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How did good and evil come about? Hanno Sauer's monkey-like book "Morality" explains it


Highlights: Hanno Sauer could win the German Non-Fiction Prize for his book "Moral" Sauer questions how good and evil came into being in his book. Sauer: "Our political disagreements are usually very superficial, and beneath this surface there are deep-seated, universal moral values that all people share" The author's explanations of how values, norms and practices have changed all over the world are listened to with hot ears.. Nominated for the German non-fiction Prize: Hanno S Bauer.

Nominated for the German Non-Fiction Prize: Hanno Sauer. © Piper Verlag

In his book "Morality", Hanno Sauer questions how good and evil came into being. Now he could win the German Non-Fiction Prize for it. Our reading tip.

What's wrong with us? Where does it come from, this aggressive, irreconcilable tone in political debates, this radical insistence on attitude, on constant positioning for or against a cause. Only shrillness – where have they gone, the soft nuances?

A surprising answer is provided by Hanno Sauer in his book "Moral. The Invention of Good and Evil". On June 1, 2023, he could be one of eight nominees to be awarded the German Non-Fiction Prize. One wishes this for the author, who was born in 1983, because such an award always ensures that even more people read the book. Would be good for our society. After all, reading not only makes you smarter – but also more relaxed about overheated discussions about gender or the energy transition.

To anticipate one of his most important theses: "Our political disagreements are usually very superficial, and beneath this surface there are deep-seated, universal moral values that all people share and that could be the basis of a new understanding." In fact, it is downright touching when one reads the study examples cited by Sauer, in which people were very easily persuaded by manipulative tricks to argue for a political view that they did not actually share.

How we became who we are: From the Neanderthals to the present day, Hanno Sauer's book, in which he reflects on how human moral concepts have developed worldwide. © Neanderthal Museum

Sometimes it is enough to change the signs: If the political argument is presented by the member of parliament whose party you vote for, you agree. If one of the other parties does it, you are against it. The reason for this irrational flutteriness lies in our history. We naked deficient beings have learned over the millennia that we are only able to survive through cooperation with others. An important glue that holds together the groups in which we organize ourselves are values and norms. This applies from small prehistoric groups to modern large civilizations. So we vote for parties today not so much because of their proposed solutions to problems, but because of shared group identities.

Sauer, who teaches ethics at Utrecht University as Associate Professor of Philosophy, is fascinated by the fact that he is accompanied back to the origins of human history. He travels through an unimaginable time of five million years with us in fast forward. Because to understand how we can solve our current crisis of division, it is worth looking far back. To where human cooperation began.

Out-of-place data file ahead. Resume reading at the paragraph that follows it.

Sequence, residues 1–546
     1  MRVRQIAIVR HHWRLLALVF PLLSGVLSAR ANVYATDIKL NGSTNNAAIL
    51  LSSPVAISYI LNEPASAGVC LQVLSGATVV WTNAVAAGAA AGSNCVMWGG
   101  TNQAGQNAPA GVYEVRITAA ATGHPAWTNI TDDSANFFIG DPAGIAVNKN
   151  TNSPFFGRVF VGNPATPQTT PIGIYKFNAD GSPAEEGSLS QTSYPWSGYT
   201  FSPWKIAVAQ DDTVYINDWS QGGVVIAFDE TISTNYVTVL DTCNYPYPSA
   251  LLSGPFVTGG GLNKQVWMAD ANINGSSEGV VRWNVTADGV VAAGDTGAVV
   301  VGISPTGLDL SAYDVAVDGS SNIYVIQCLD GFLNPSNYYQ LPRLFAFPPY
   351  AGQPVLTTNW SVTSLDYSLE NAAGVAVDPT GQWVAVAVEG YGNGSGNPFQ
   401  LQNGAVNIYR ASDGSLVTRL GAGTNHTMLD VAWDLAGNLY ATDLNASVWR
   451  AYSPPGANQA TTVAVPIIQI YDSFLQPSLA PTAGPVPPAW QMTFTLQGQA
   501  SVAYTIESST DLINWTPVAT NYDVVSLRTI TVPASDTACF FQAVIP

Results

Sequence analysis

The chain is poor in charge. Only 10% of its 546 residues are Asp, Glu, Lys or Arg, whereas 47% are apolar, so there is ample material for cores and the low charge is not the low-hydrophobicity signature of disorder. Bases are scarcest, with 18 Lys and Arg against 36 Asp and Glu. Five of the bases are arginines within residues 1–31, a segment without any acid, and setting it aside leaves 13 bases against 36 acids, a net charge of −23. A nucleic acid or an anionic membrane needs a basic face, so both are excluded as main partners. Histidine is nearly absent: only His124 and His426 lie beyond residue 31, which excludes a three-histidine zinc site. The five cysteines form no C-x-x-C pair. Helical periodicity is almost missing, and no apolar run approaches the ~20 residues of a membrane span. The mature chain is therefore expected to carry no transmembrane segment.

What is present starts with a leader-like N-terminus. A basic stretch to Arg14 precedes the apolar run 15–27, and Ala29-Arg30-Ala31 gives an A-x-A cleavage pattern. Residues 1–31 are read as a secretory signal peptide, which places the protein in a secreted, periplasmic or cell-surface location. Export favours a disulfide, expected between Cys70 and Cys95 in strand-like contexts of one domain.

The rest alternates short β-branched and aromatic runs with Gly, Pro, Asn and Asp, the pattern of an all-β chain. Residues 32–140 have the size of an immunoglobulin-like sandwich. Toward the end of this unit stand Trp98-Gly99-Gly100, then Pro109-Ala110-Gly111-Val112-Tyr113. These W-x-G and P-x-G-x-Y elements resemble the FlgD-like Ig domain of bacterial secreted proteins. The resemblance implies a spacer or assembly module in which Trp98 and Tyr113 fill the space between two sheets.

Hanno Sauer undertakes a crazy journey through the entire history of mankind

His explanations of how values, norms and practices have changed all over the world are listened to with hot ears. What role religion, environmental influences, globalization played. This trip through the millennia is underpinned by theories and studies from psychology, biology, philosophy, ethics; and garnished with exciting facts: Why are our eyeballs white? Why do people in Scandinavia tend to be blond and blue-eyed?

At the end of this crazy journey is our no less crazy present. At which we have still not fulfilled the promise of freedom and equality for all. Ironically, it is precisely the social institutions to which we owe our prosperity that perpetuate injustices. "The more developed modern societies are, the harder it becomes to change them, the more unwieldy and unwilling to control they become. Social injustices are more difficult to remedy politically," explains Sauer. And that's where language comes in. "Out of desperate urgency, the focus increasingly shifted to symbolic-linguistic territory, because the ethereal world of words and images is easier and faster to change than the stubbornly immobile realm of traditions and institutions." As a result, our moral vocabulary has become confused – we get tangled up in relentless debates of "us" versus "them".


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In a balanced way, Sauer advocates more gentleness with regard to the question of gender, for example. Pleads for patience in the current upheaval: "Here both sides owe a concession to the rest of society: the reformers a greater understanding of the provisionality, negotiability and (sometimes) ugliness of their own ideas; the preservatives a greater willingness to see the righteous core in those efforts, rather than sulking and pretending that they have never learned a new word before."

Moral norms are subject to development. And this is probably the most important insight in the rich reading: We have to check our own morals again and again. Those who realize to themselves that political convictions sometimes depend only on the hair color of the chancellor candidate can react more calmly to the opinions of others. And – crazy idea! – critically question one's own. "The moral values that bind us together go deeper than we think, and the political divides that divide us are less deep than we think." Hanno Sauer: "Morality. The Invention of Good and Evil". Piper, Munich, 400 p.; 26 euros.

Source: merkur

All life articles on 2023-05-31

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